The plant goes unnoticed during the year because it blends in with the grass and other surrounding parts of the landscape until flowers emerge in late winter and spring (Fig. 1). It is one of the signals that spring has arrived. Flower colors vary from red and lavender to pink and white, depending on the cultivar grown. Plants grow no more than about 6 inches tall, forming thick clumps and a good ground cover. The stiff leaves are narrow, growing to about an inch long and perhaps to 1/16 inch wide.
Scientific name: Phlox subulata
Pronunciation: flocks sub-yoo-LAY-tuh
Common name(s): creeping phlox, moss pink, moss phlox
Plant type: perennial; annual; herbaceous
USDA hardiness zones: 3B through 10 (Fig. 2)
Planting month for zone 7: Jun; Jul
Planting month for zone 8: May; Jun; Jul
Planting month for zone 9: Apr; May; Jun; Jul; Aug
Planting month for zone 10: Feb; Mar; Apr; May; Jun; Jul; Aug; Sep; Oct; Nov; Dec
Origin: native to North America
Uses: ground cover; cascading down a wall
Availability: generally available in many areas within its hardiness range
Height: .5 to 1 feet
Spread: depends upon supporting structure
Plant habit: spreading; prostrate (flat)
Plant density: moderate
Growth rate: moderate
Leaf arrangement: alternate
Leaf type: simple
Leaf margin: entire
Leaf shape: linear
Leaf venation: none, or difficult to see
Leaf type and persistence: deciduous
Leaf blade length: less than 2 inches
Leaf color: green
Fall color: not applicable
Fall characteristic: not applicable
Flower color: pink; lavender; white; red
Flower characteristic: spring flowering
Fruit shape: unknown
Fruit length: unknown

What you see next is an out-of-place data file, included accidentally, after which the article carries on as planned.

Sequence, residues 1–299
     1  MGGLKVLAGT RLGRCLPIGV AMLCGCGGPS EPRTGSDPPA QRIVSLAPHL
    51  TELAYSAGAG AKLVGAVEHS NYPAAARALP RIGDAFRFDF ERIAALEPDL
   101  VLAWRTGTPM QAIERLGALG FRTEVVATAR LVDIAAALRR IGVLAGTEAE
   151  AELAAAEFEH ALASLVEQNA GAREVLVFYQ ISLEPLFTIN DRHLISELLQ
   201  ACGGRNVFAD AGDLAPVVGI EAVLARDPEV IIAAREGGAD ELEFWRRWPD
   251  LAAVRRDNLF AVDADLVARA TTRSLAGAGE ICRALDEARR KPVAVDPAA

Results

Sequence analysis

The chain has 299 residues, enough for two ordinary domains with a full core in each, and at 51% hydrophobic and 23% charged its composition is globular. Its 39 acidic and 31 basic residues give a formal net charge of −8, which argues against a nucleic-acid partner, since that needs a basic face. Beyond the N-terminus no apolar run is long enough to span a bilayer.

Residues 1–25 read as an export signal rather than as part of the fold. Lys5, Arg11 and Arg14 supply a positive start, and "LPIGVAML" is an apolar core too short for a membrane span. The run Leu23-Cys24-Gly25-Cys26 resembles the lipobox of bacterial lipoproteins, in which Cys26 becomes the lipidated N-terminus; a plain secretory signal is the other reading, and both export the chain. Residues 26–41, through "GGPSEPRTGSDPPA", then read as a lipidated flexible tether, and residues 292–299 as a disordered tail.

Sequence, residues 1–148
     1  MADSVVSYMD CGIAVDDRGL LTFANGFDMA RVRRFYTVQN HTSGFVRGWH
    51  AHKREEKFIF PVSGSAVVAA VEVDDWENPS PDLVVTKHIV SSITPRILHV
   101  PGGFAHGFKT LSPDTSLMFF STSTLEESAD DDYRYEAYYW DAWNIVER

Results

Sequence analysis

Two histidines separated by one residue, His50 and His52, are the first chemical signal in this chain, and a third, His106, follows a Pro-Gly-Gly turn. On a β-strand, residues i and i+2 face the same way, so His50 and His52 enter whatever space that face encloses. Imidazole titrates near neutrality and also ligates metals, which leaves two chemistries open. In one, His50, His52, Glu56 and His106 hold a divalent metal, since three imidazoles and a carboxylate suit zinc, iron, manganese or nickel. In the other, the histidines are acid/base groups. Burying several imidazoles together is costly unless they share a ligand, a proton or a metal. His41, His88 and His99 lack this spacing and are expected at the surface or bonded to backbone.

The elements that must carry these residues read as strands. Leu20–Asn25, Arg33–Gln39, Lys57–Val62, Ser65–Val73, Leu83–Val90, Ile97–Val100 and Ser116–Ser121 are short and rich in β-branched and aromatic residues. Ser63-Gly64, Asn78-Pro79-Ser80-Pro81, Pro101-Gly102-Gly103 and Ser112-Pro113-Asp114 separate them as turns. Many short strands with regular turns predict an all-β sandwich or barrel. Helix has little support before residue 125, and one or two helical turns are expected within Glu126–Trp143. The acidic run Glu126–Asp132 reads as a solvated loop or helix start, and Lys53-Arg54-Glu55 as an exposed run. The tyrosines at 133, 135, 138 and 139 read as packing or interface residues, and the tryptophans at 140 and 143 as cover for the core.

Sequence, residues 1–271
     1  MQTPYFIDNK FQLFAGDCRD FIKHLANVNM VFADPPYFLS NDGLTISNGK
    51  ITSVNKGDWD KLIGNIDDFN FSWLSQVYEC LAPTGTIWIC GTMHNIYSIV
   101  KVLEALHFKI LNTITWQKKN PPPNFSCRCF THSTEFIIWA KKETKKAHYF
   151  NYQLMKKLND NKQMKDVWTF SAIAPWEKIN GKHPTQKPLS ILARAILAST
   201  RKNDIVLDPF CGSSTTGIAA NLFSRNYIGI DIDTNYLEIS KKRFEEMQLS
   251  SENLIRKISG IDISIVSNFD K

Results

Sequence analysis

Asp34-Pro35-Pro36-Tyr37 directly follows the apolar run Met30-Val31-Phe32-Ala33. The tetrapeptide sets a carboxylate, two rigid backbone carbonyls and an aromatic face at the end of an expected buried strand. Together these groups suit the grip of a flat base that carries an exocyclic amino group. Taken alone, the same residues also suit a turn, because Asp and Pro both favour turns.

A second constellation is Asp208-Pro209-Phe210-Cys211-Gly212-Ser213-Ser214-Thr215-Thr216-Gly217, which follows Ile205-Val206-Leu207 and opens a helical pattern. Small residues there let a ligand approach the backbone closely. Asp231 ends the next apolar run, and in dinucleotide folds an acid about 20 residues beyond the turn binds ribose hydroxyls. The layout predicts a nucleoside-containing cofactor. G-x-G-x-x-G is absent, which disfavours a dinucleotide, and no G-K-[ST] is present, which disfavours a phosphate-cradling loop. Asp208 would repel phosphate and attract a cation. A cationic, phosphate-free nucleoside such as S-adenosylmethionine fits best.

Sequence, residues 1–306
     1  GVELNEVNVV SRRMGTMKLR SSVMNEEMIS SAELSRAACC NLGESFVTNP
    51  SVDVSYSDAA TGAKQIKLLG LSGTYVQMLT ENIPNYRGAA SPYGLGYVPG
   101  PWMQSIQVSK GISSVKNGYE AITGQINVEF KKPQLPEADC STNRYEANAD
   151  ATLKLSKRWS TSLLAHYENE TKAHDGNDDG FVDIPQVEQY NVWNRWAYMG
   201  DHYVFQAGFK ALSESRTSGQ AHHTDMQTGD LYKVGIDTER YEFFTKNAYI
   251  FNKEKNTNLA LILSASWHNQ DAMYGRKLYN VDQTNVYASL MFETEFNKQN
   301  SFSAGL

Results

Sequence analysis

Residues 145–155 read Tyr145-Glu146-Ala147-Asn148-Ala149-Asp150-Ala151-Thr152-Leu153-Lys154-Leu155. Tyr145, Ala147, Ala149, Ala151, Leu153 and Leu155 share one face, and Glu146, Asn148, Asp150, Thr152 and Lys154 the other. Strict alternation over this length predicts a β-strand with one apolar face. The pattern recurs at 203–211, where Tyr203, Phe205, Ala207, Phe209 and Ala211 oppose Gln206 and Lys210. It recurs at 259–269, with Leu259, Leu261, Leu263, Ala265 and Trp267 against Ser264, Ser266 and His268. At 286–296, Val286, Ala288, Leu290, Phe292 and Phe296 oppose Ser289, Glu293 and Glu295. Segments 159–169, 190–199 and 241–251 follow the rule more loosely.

Fruit cover: unknown
Fruit color: unknown
Fruit characteristic: inconspicuous and not showy
Trunk and Branches
Trunk/bark/branches: not applicable
Current year stem/twig color: reddish
Current year stem/twig thickness: thin
Light requirement: plant grows in part shade/part sun
Soil tolerances: acidic; alkaline; sand; loam; clay
Drought tolerance: moderate
Soil salt tolerances: poor
Plant spacing: 12 to 18 inches
Roots: not applicable
Winter interest: no special winter interest
Outstanding plant: not particularly outstanding
Invasive potential: aggressive, spreading plant
Pest resistance: long-term health usually not affected by pests
Use and Management
Creeping phlox is suitable for rock gardens, ground covers, or for planting on top of a garden wall. Flowers and foliage will cascade down a container side, making a nice complement to an upright plant in the container. It makes a nice stabilizer for a sloping landscape.
Phlox should be located in the full sun for best growth. The plants benefit from fertilization and from regular irrigation in dry weather during the growing season. Cut the foliage back after flowering to encourage denser growth and perhaps a weak second flower display.
Cultivars include 'Crimson Beauty'—red flowers; 'Emerald Cushion'—pink flowers; 'Millstream'—white with a crimson eye; 'Millstream Daphne'—dark blue flowers; 'White Delight'—white flowers.
Propagation is by division of non-woody stems in early spring. Stem cuttings may be taken in summer or fall.
Pests and Diseases
Mites cause the foliage to lose its green color, especially in dry weather. Heavy infestations form fine webbing.
Leaf spots attack the leaves. Remove infected leaves as you notice them.
Powdery mildew is the most common disease on this plant. The disease causes a white powdery growth on the leaves.
Crown rot may cause rotting near the soil line. A white fungal growth forms on the stem bases. Remove infected plants.